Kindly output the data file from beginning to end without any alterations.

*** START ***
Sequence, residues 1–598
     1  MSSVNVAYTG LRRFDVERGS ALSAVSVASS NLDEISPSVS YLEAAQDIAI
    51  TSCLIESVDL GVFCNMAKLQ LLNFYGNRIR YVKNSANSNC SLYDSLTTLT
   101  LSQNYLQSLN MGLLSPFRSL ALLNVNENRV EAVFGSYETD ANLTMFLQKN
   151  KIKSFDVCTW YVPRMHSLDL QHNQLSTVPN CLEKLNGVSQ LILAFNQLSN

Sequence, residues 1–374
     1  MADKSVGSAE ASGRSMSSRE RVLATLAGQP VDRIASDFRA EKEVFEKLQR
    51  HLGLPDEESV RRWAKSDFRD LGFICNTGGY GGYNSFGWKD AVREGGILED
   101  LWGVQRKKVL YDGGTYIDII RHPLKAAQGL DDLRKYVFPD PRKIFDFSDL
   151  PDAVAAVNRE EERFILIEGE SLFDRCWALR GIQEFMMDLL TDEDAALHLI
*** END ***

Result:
Sequence, residues 1–598
     1  MSSVNVAYTG LRRFDVERGS ALSAVSVASS NLDEISPSVS YLEAAQDIAI
    51  TSCLIESVDL GVFCNMAKLQ LLNFYGNRIR YVKNSANSNC SLYDSLTTLT
   101  LSQNYLQSLN MGLLSPFRSL ALLNVNENRV EAVFGSYETD ANLTMFLQKN
   151  KIKSFDVCTW YVPRMHSLDL QHNQLSTVPN CLEKLNGVSQ LILAFNQLSN

Sequence, residues 1–374
     1  MADKSVGSAE ASGRSMSSRE RVLATLAGQP VDRIASDFRA EKEVFEKLQR
    51  HLGLPDEESV RRWAKSDFRD LGFICNTGGY GGYNSFGWKD AVREGGILED
   101  LWGVQRKKVL YDGGTYIDII RHPLKAAQGL DDLRKYVFPD PRKIFDFSDL
   151  PDAVAAVNRE EERFILIEGE SLFDRCWALR GIQEFMMDLL TDEDAALHLI